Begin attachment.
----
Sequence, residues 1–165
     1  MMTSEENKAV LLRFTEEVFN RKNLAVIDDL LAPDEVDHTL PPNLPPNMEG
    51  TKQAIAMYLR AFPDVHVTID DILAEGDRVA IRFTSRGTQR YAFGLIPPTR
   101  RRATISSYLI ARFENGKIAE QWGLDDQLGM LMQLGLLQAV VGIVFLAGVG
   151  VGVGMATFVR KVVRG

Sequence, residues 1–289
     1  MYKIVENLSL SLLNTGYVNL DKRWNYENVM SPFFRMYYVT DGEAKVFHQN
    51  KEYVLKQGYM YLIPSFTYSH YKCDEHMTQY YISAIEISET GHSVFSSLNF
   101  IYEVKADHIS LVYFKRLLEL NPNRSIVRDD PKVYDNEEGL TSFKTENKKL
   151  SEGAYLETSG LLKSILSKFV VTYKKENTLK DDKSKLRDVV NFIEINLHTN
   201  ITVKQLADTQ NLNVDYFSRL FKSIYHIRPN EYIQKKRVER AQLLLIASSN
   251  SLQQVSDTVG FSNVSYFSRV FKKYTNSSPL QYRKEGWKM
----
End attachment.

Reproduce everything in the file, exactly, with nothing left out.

Sequence, residues 1–165
     1  MMTSEENKAV LLRFTEEVFN RKNLAVIDDL LAPDEVDHTL PPNLPPNMEG
    51  TKQAIAMYLR AFPDVHVTID DILAEGDRVA IRFTSRGTQR YAFGLIPPTR
   101  RRATISSYLI ARFENGKIAE QWGLDDQLGM LMQLGLLQAV VGIVFLAGVG
   151  VGVGMATFVR KVVRG

Sequence, residues 1–289
     1  MYKIVENLSL SLLNTGYVNL DKRWNYENVM SPFFRMYYVT DGEAKVFHQN
    51  KEYVLKQGYM YLIPSFTYSH YKCDEHMTQY YISAIEISET GHSVFSSLNF
   101  IYEVKADHIS LVYFKRLLEL NPNRSIVRDD PKVYDNEEGL TSFKTENKKL
   151  SEGAYLETSG LLKSILSKFV VTYKKENTLK DDKSKLRDVV NFIEINLHTN
   201  ITVKQLADTQ NLNVDYFSRL FKSIYHIRPN EYIQKKRVER AQLLLIASSN
   251  SLQQVSDTVG FSNVSYFSRV FKKYTNSSPL QYRKEGWKM